Every one of us, (yes – this includes both you and your family) has a mix of good qualities and real issues.  With our close family, we have found a way to see past these issues and find the beautiful person underneath.  As you pray for your family, you will also come to understand that many of the “issues” that your loved ones have are really scars from past pain in their lives.  We all understand pain, and we all understand the scars that it can give us.  Scars that can build up into a hard shell that begins to hide us from the rest of the world.  Hide us from all except those caring enough to see through them.

As you continue your prayer, start to change your focus from your immediate family to other people in your life.  Co-workers, neighbors, the people in your small group – whoever else is in your life.  As you did with your immediate family, think about their good qualities and their bad qualities.  Think about their scars, but also think about the wonderful human being that may be trapped behind those scars.  This human being may need your love, your kindness, and your encouragement to break free of those scars.

As the final phase of your prayer time, change your focus again to people in your life that seem to make life difficult for you, a nasty boss, a troubling co-worker, whoever they may be and repeat this process outlined above.  If they are nasty people, think about what their life must be like.  Do they have a circle of warm supportive friends?  Do they have a world filled with deep meaningful relationships?  Quite possibly not.   They may be living in a hollow empty world, perhaps filled with possessions, but not relationships.

As you start your prayer exercise, you will go into it understanding that the love and compassion you have for others runs at different levels.  For your immediate family, you may have greater feelings than you do for your neighbors.  Is this the way it should be though?  Recall the old saying that was popular a few years ago – the question “What would Jesus do?”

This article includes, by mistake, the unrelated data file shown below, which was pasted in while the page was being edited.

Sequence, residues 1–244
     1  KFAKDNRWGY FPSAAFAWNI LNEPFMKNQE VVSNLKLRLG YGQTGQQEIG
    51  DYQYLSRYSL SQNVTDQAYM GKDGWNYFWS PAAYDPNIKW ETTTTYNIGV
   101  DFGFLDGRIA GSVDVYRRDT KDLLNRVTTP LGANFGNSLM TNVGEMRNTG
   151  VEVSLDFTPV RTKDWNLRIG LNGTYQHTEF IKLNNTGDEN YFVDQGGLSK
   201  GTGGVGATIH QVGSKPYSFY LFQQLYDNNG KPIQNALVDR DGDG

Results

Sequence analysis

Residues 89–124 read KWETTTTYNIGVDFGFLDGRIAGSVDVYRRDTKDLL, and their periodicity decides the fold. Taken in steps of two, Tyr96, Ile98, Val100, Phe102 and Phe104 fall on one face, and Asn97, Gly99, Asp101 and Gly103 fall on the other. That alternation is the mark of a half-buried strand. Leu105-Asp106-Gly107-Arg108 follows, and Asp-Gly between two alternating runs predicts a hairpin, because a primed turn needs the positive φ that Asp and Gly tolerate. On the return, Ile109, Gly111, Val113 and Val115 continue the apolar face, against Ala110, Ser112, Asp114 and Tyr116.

Well in Mathew 12:46-50 we get our answer:

While Jesus was still talking to the crowd, his mother and brothers stood outside, wanting to speak to him. Someone told him, “Your mother and brothers are standing outside, wanting to speak to you.” He replied to him, “Who is my mother, and who are my brothers?” Pointing to his disciples, he said, “Here are my mother and my brothers. For whoever does the will of my Father in heaven is my brother and sister and mother.”

You see that Jesus does not love his immediate family any less than you do, what Jesus is demonstrating is that he doesn’t love any of his children any less.  All the people in your life were created by God and deserving of your greatest love and compassion.

It is prudent to realize, as you exercise and grow your compassion for others, that being compassionate does not imply that you should be taken advantage of or that you know longer have to do time management.  You do not have to give all your money to everyone who has a need.  You will go broke quickly.  Money is one of those things that the more you give, the less you have.  However, you can give other more valuable things away.  Kind words, a sympathetic ear, recognition, and encouragement are things that grow within you the more you give them away.  My suggestion is to start with these as you begin to utilize the newfound well of compassion within you.

If you keep this prayer habit up, and this new outlook on people, you will find that your children will emulate it.  As your children become teenagers and old enough to understand, take the time to talk to them about compassion and how to always look for the real person underneath the shell.  If you do these things, then you will be on your way to setting your child up for a good life.